Posts: 5431 | Location: Colorado | Registered: January 26, 2008Reply With QuoteReport This Post
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quote:
Originally posted by fritz:
However he still had to pull the trigger with his left hand and mount the gun on his left shoulder.


Now I understand the appeal of mildly-recoiling cartridges. Wink




“Most men … can seldom accept the simplest and most obvious truth if it … would oblige them to admit the falsity of conclusions … which they have woven, thread by thread, into the fabrics of their lives.”
— Leo Tolstoy
 
Posts: 38314 | Location: 10,150 Feet Above Sea Level in Colorado | Registered: April 04, 2002Reply With QuoteReport This Post
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Going out tomorrow to finally shoot the 30" 7SAUM at distance. 1st shot will go off at around 7:00AM when the light conditions are ideal and usually calm winds. Will shoot two different loads at 850, 1050, 1350, 1760. Excited to see how it shoots.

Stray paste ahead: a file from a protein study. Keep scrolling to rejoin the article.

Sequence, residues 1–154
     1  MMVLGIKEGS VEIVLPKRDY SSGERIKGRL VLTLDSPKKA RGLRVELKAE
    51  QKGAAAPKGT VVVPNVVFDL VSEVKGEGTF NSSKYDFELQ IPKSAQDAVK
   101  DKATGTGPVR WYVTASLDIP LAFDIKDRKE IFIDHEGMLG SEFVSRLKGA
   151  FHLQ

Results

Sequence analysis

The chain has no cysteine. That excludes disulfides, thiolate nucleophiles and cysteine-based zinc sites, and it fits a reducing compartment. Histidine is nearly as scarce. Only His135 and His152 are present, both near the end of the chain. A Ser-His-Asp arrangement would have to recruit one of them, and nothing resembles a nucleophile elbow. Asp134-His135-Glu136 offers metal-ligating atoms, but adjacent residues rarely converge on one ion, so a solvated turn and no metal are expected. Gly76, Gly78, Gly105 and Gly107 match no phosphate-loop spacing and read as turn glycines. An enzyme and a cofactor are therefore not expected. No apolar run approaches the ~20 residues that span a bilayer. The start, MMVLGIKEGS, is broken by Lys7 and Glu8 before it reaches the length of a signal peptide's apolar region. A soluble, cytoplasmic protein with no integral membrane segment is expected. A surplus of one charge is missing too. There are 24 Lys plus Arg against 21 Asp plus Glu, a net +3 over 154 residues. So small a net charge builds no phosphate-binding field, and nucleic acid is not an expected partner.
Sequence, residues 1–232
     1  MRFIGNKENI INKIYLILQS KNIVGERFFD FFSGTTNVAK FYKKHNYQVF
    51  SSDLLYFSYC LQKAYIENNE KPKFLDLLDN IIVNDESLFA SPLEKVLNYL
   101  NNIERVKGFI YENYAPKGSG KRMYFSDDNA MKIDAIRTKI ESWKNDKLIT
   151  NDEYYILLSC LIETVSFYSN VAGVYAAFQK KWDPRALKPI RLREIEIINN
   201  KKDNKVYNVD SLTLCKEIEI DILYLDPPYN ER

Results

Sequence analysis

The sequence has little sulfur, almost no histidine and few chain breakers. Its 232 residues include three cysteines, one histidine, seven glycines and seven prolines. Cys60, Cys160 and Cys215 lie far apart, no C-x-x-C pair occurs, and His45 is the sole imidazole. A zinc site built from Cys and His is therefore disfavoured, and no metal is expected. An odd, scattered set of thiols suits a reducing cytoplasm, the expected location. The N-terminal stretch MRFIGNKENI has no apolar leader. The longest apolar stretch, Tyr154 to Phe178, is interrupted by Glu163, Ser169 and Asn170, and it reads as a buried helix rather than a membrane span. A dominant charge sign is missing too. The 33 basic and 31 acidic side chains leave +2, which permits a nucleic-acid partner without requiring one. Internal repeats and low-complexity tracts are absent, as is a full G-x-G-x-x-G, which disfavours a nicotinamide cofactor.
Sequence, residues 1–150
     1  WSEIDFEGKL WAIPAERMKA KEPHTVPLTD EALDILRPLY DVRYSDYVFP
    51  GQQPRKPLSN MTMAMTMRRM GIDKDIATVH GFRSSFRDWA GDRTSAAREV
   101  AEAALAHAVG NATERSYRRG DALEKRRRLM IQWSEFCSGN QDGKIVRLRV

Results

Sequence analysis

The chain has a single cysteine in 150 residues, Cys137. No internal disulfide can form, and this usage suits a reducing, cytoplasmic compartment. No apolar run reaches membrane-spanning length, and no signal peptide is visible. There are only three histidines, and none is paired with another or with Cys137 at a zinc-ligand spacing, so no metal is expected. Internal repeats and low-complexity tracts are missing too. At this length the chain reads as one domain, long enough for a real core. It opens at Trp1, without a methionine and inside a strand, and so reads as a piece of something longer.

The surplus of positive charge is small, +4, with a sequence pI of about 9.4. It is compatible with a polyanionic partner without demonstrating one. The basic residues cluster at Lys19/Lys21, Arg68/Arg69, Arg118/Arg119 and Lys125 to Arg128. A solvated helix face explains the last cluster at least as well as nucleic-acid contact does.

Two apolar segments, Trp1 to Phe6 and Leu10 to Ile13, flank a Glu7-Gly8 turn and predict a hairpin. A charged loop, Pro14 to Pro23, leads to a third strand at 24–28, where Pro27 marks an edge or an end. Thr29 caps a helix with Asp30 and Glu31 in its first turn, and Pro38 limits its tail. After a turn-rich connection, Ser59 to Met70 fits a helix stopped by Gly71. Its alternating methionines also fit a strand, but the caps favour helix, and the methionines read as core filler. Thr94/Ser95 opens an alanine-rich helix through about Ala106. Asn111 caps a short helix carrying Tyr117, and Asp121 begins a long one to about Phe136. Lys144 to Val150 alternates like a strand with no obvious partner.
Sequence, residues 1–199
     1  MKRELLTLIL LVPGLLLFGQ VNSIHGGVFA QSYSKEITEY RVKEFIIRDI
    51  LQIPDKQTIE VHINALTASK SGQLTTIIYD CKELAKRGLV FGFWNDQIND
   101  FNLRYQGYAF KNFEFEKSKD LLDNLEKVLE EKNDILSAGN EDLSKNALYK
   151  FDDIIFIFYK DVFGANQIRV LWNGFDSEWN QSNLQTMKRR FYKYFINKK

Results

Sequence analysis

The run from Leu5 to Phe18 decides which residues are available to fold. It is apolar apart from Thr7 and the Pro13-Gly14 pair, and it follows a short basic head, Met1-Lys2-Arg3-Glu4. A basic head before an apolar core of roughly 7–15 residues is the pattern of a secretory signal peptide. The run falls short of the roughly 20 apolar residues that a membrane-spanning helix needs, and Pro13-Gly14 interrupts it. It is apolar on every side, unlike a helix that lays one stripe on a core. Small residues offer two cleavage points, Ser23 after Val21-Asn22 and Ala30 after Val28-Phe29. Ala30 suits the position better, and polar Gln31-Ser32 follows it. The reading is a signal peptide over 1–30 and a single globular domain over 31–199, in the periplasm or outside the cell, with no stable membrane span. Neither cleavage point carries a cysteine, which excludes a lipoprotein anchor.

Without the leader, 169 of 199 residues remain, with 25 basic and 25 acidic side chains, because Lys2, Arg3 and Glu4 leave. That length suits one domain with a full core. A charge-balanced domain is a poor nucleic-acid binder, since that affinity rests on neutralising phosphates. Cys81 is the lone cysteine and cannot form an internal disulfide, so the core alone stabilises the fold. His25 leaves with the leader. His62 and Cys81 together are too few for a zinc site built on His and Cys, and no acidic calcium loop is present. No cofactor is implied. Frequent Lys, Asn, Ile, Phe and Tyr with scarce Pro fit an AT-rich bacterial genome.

Loads shooting very well at 100yds.

60/H4831SC/180 Hybrids/2980
63/H1000/3010

H1000 load. Looking through my scope the 7mm bullet holes look huge, how much real estate they take up compared to the 6mm. Fun stuff!



 
Posts: 2487 | Location: 9860 ft above sea level Colorado | Registered: December 31, 2008Reply With QuoteReport This Post
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I'd say she's a shooter Offgrid. A buddy sent me picks of his 7 SAUM's group. Five shot group under five inches at 900 yards. Let us know how it shoots.
 
Posts: 1701 | Location: Ohio | Registered: October 17, 2007Reply With QuoteReport This Post
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Fun early morning shooting my 7saum. It's a hammer! Shot with a good friend who also has a 7saum.